A drawing of Ana holding a phone and taking a photo of a cat who is washing itself. The cat says, suprised, oh, hello Ana.


Jottings from Ana Rodrigues

You don't have to be a “content creator” to have a website.

This is clearly the result of living in a capitalist society. In recent years, people have felt the pressure to monetise their hobbies, so there’s a constant state of hustle. We all need money to exist in our society.

In the online communities and circles where I try to hang out, there is a slight pressure to “create content”. It is expected to bring you exposure and credibility within the community and job opportunities. Of course, this happens. It’s a big reason why I’ve even had the opportunities I’ve had so far. I created something, and people saw it and wanted to know more about it. It’s excellent, and it feels like a reward!

Now, it pains me when this reaches the concept of a personal website. People often say, “I have no content to put on a personal website”, and 1) that is not true, and 2) it should not be the goal.

The goal of a personal website is to be reachable. I have a simple landing page with information on how to contact me.

You don’t have to be a content creator to have a website.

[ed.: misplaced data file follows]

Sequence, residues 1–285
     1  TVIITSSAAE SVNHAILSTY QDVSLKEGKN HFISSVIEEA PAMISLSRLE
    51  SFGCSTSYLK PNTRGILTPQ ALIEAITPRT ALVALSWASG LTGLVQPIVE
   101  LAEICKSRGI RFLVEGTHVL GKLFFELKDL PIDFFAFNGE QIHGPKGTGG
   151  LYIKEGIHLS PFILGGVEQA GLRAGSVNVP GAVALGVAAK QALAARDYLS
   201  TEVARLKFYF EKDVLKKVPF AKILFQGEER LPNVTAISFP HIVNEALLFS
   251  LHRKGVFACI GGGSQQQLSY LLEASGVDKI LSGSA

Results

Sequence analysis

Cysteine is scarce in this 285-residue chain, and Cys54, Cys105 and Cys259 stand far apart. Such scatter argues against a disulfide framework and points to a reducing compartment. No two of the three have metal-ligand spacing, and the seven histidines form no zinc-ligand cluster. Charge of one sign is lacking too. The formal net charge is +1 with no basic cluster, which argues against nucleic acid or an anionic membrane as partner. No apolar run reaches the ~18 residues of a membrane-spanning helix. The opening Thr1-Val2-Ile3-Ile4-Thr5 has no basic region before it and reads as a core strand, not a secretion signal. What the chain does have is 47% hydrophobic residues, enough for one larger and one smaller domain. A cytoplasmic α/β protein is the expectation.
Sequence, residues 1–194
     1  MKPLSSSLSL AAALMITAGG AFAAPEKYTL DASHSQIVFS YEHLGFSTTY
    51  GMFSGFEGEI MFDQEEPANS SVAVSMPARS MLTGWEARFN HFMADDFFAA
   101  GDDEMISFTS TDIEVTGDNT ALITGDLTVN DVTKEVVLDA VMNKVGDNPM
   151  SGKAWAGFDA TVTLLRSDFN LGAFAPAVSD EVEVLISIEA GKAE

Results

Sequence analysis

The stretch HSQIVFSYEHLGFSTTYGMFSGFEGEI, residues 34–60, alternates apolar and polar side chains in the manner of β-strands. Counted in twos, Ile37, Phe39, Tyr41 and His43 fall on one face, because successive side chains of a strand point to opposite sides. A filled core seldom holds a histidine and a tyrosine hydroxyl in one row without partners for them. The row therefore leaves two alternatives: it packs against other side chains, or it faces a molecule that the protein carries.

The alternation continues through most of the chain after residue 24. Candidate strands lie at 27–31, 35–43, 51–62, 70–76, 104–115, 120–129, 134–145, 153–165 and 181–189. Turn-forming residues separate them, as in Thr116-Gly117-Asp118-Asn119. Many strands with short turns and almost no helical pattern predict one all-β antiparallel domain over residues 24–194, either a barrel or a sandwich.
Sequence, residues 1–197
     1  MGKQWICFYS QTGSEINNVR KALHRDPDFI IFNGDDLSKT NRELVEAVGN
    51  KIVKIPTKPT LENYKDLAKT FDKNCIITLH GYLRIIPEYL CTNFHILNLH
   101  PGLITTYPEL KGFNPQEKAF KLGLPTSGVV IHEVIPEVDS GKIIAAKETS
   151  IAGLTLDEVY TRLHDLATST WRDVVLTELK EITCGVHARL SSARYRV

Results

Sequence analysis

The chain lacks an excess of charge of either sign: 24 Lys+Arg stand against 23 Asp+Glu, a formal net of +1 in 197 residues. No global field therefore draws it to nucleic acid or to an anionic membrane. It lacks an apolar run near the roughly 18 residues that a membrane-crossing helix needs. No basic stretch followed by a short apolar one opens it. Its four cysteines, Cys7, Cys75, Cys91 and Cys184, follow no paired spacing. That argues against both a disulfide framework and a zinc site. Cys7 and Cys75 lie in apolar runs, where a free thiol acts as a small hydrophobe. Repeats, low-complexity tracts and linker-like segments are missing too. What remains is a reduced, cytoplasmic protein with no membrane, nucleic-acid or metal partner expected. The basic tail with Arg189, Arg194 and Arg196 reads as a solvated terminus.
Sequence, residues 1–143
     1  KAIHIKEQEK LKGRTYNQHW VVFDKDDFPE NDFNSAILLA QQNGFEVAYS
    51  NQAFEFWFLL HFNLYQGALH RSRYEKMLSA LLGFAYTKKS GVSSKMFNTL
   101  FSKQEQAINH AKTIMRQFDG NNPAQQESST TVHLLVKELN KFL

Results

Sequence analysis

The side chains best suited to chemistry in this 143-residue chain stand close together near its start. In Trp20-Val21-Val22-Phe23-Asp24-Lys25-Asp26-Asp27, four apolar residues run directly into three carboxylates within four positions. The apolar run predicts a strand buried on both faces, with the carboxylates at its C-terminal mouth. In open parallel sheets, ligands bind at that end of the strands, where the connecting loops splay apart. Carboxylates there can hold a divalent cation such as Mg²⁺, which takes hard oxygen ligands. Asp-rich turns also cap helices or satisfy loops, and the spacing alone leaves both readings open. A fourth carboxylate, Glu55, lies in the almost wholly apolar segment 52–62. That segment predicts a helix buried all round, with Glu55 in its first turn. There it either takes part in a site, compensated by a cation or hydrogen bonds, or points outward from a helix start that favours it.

Dang, I want us to start putting our personal website URLs in our lanyards when we go to conferences instead of social media handles! What is the difference between a personal website that doesn’t have “content” and a social media account where there aren’t many posts anyway? The only thing in common is being reachable.

Just put your name and email, and it’s good to go! That’s content! Maybe one day, expand with a link to LinkedIn or, even better, add a CV in HTML. It doesn’t matter!

Give yourself permission to exist and be seen regardless of whether you have a blog, side projects or “content” - whatever it means.

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Reflections from IndieWebCamp Brighton

My loss. Their public consumption.